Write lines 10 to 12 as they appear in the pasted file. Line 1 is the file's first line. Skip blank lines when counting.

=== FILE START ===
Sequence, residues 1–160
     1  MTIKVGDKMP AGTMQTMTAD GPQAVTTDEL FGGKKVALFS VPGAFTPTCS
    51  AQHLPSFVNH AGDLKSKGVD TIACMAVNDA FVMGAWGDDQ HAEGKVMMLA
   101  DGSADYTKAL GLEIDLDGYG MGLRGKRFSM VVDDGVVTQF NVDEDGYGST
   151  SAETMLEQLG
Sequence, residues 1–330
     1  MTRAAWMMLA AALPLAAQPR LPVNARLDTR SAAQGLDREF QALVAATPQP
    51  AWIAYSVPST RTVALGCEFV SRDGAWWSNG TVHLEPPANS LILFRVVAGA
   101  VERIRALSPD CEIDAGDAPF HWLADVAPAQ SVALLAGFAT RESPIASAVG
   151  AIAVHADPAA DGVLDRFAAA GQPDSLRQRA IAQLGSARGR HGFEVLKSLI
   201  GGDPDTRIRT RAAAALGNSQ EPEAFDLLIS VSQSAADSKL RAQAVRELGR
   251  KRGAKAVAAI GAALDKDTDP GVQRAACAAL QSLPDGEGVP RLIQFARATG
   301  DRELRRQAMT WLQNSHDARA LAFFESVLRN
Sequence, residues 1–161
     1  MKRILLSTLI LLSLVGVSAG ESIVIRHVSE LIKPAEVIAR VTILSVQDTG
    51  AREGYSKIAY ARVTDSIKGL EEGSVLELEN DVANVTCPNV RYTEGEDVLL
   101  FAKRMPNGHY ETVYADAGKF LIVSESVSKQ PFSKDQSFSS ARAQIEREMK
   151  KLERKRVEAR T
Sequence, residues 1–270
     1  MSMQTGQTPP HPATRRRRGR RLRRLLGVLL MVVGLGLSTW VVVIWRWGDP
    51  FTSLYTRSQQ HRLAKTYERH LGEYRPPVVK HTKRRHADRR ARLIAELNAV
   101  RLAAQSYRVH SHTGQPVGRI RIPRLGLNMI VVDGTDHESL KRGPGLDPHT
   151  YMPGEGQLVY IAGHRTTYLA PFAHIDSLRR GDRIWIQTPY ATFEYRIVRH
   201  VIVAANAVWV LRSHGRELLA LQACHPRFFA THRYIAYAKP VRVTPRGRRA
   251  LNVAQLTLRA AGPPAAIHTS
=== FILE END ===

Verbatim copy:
   151  AIAVHADPAA DGVLDRFAAA GQPDSLRQRA IAQLGSARGR HGFEVLKSLI
   201  GGDPDTRIRT RAAAALGNSQ EPEAFDLLIS VSQSAADSKL RAQAVRELGR
   251  KRGAKAVAAI GAALDKDTDP GVQRAACAAL QSLPDGEGVP RLIQFARATG